Chapter 3: The Four Cs
Unless you regularly shop for diamonds or have an interest in becoming a jeweler, you probably do not spend a lot of time contemplating the four Cs (4Cs). When it comes time to buy an engagement ring, it’s definitely something you want to be aware of. We will explain each “C,” so you know what to look for when you’re shopping.
What Are the 4Cs of Diamonds?
The 4Cs of diamonds stand for:
You might be wondering what the most important is of the 4Cs, but it all depends on what you are looking for and what your budget will allow. Let this chapter be your diamond quality guide to help you figure out which of the 4Cs means the most to you:
As we discussed in the previous chapter, cut refers to how the diamond is shaped to refract light. Cuts are made for sparkle and visual appeal. A diamond with high-quality cuts will sparkle brilliantly.
According to the American Gem Society (AGS), cuts are graded on a scale of 0 to 10. The highest grade is zero, and the lowest is 10. Diamonds with higher grades have less color and are rarer. A diamond’s cut can also affect its value.
Most diamonds are colorless to the naked eye. If you look closely at a diamond, however, you might notice a tinge of color. Simply said, the more colorless a diamond is, the more rare and valuable it is.
Color is graded on a scale, which is used to help determine a diamond’s quality based on its color or lack thereof. This is how the color scale works according to the GIA:
- D through F indicates a colorless diamond.
- G through J indicates a near colorless diamond.
- Diamonds with a faint color receive a K through M ranking.
- Very light diamonds fall between the letters N and R.
- Light diamonds fall between S and Z.
Naturally-colored diamonds pick up their hues as they are formed beneath the earth’s surface. As you’ll see below, some colors occur more commonly than others and are usually more affordable.
Colored diamonds outside of the standard diamond scale are referred to as fancy color diamonds, and the regular color scale does not apply. The GIA’s grading system for fancy color diamonds is complex and requires the knowledge of a specialist.
The grading system for fancy color diamonds mainly looks at color saturation and rarity to determine value. Generally, the rarer a fancy color diamond is, the more valuable it is. Here are some of the different naturally-occurring diamond colors:
- Blue: Blue diamonds are exceptionally rare. Blue diamonds can be pale or deep in color, and they get their hue from the presence of boron.
- Brown: Brown diamonds are one of the most naturally-occurring diamonds. Brown diamonds range from light tones to dark rich tones and may have a reddish or golden appearance. Given names like “cognac” and “champagne,” brown diamonds are tempting fancy diamonds.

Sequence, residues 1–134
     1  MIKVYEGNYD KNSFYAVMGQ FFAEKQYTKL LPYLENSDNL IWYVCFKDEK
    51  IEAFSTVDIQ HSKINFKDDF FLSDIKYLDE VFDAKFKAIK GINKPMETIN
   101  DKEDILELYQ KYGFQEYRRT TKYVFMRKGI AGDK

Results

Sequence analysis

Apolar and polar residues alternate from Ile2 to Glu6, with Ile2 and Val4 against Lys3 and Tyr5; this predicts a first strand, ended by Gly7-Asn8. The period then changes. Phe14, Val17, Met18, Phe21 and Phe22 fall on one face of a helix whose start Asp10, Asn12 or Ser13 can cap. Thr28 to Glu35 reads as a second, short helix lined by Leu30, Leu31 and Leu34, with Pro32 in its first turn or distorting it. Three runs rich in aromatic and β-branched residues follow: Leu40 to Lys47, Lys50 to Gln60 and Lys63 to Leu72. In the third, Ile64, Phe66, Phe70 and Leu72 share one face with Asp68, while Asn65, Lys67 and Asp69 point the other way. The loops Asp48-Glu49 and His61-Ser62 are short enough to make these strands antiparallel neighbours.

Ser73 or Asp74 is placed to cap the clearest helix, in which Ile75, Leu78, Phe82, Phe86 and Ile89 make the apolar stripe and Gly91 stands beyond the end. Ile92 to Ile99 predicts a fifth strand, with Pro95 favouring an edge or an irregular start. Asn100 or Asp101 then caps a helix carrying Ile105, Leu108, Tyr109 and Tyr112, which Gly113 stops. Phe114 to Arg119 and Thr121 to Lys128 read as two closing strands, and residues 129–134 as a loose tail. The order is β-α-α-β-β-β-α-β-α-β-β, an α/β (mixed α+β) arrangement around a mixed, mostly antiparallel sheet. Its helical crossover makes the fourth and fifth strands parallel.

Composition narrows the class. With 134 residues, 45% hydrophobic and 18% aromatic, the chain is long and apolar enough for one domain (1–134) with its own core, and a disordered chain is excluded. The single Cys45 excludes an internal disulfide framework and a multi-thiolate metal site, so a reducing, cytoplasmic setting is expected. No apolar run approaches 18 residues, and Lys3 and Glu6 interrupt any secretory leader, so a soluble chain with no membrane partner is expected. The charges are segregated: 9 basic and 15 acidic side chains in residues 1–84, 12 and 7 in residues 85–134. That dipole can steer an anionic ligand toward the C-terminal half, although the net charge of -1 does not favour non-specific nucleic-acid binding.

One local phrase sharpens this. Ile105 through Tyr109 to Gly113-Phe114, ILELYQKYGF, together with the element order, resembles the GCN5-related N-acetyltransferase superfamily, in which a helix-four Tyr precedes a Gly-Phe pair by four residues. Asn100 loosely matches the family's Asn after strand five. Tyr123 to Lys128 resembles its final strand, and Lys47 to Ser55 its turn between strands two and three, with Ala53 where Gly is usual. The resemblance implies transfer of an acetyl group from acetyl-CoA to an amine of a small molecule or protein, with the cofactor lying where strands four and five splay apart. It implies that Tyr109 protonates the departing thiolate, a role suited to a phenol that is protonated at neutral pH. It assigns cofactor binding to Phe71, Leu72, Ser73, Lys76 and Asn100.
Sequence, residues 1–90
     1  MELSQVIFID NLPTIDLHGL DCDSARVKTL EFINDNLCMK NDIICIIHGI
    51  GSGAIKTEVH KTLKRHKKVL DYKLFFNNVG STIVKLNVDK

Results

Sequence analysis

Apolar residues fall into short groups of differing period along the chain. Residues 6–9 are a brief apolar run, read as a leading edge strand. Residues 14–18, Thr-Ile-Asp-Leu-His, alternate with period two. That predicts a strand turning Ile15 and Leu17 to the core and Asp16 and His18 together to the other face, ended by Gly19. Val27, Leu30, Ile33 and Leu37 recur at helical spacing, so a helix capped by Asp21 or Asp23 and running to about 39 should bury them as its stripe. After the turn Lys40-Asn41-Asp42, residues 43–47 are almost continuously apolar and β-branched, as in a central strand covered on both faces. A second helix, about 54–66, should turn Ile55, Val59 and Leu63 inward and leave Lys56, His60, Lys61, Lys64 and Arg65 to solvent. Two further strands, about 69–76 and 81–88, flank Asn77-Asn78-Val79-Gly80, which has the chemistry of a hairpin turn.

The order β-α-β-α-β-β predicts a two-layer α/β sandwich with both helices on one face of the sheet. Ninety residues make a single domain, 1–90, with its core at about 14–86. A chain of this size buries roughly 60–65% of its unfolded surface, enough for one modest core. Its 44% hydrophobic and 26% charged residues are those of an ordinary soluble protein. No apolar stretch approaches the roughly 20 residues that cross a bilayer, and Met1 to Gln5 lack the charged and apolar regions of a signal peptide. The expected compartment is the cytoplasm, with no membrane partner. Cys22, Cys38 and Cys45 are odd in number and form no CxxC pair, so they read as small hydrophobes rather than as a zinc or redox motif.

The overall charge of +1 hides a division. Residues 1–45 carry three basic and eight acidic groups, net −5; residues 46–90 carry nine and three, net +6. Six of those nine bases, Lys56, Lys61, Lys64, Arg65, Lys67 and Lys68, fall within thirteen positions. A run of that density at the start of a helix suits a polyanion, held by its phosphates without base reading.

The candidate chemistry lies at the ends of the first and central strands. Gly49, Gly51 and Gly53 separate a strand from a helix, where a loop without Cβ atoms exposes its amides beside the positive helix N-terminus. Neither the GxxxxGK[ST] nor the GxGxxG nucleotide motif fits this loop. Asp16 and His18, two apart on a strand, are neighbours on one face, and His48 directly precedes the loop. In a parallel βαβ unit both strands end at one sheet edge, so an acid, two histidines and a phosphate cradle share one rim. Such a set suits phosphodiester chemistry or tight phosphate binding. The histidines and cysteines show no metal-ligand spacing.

- Green: Green diamonds can range from light to dark green and occur due to proximity to radiation during the formation process. Naturally-colored green diamonds are very rare.
- Olive: Instead of a pure green color, olive diamonds have hints of yellow or brown. Some olive diamonds may change in color over time. Their color is the result of hydrogen, nitrogen or nickel.
- Pink: Pink diamonds are rare and vary from light shades to deep hues. Pink is also used to describe diamonds that appear to have an orange hue. Heat and pressure form the diamond in a way that absorbs green from the light spectrum and results in a pink shade.
- Purple and violet: Purple and violet diamonds are extremely rare and valuable. Their coloring is likely caused by a distorted formation process.
- Red: A pure red diamond may be the rarest diamond.
- Yellow: Yellow diamonds are one of the most common fancy color diamonds. The presence of nitrogen gives them their yellow hue, and the degree of nitrogen determines the intensity of color.
Clarity focuses on the inclusions in a diamond. A flawless diamond does not have inclusions, but a flawless diamond is rare. Each diamond is distinct because it is formed under extreme heat and pressure. As you could imagine, it is easy for a flaw to occur during this process.
Internal characteristics are usually not visible to the naked eye. For this reason, clarity grading is done with a 10X magnifier. Internal birthmarks are referred to as inclusions, and external marks are referred to as blemishes. According to the GIA, the standard clarity grading scale is as follows:
- Flawless: No inclusions or blemishes can be seen under 10X magnification.
- Internally flawless: No inclusions, and blemishes are only visible using a 10X magnifier.
- Very, very slightly included 1 and 2 (VVS): Inclusions are hard to see using 10X magnification.
- Very slightly included 1 and 2 (VS): Inclusions are minor and may be difficult or somewhat easy to see using 10X magnification.
- Slightly included 1 and 2 (SI): Inclusions are visible under 10X magnification.
- Included 1 to 3: Inclusions are apparent under 10X magnification and may impact brilliance.
Most diamonds fall into the very slightly included or slightly included categories.
Carat measures the weight of the diamond. A diamond’s weight is stated in metric carats. One metric carat is two-tenths of a gram — about the weight of a small paper clip.
Unlike many things in life, a heavier diamond does not necessarily mean an increased value. Other factors, such as cut, can affect the cost of a diamond more than the carat.
Keeping the 4Cs in mind, look for a diamond your girlfriend will love and that you feel comfortable buying. If you want a larger diamond for a more affordable price, you might put less focus on cut or color, for example. Either way, it is helpful to be familiar with the 4Cs when making a big purchase, so you do not feel lost when you're browsing.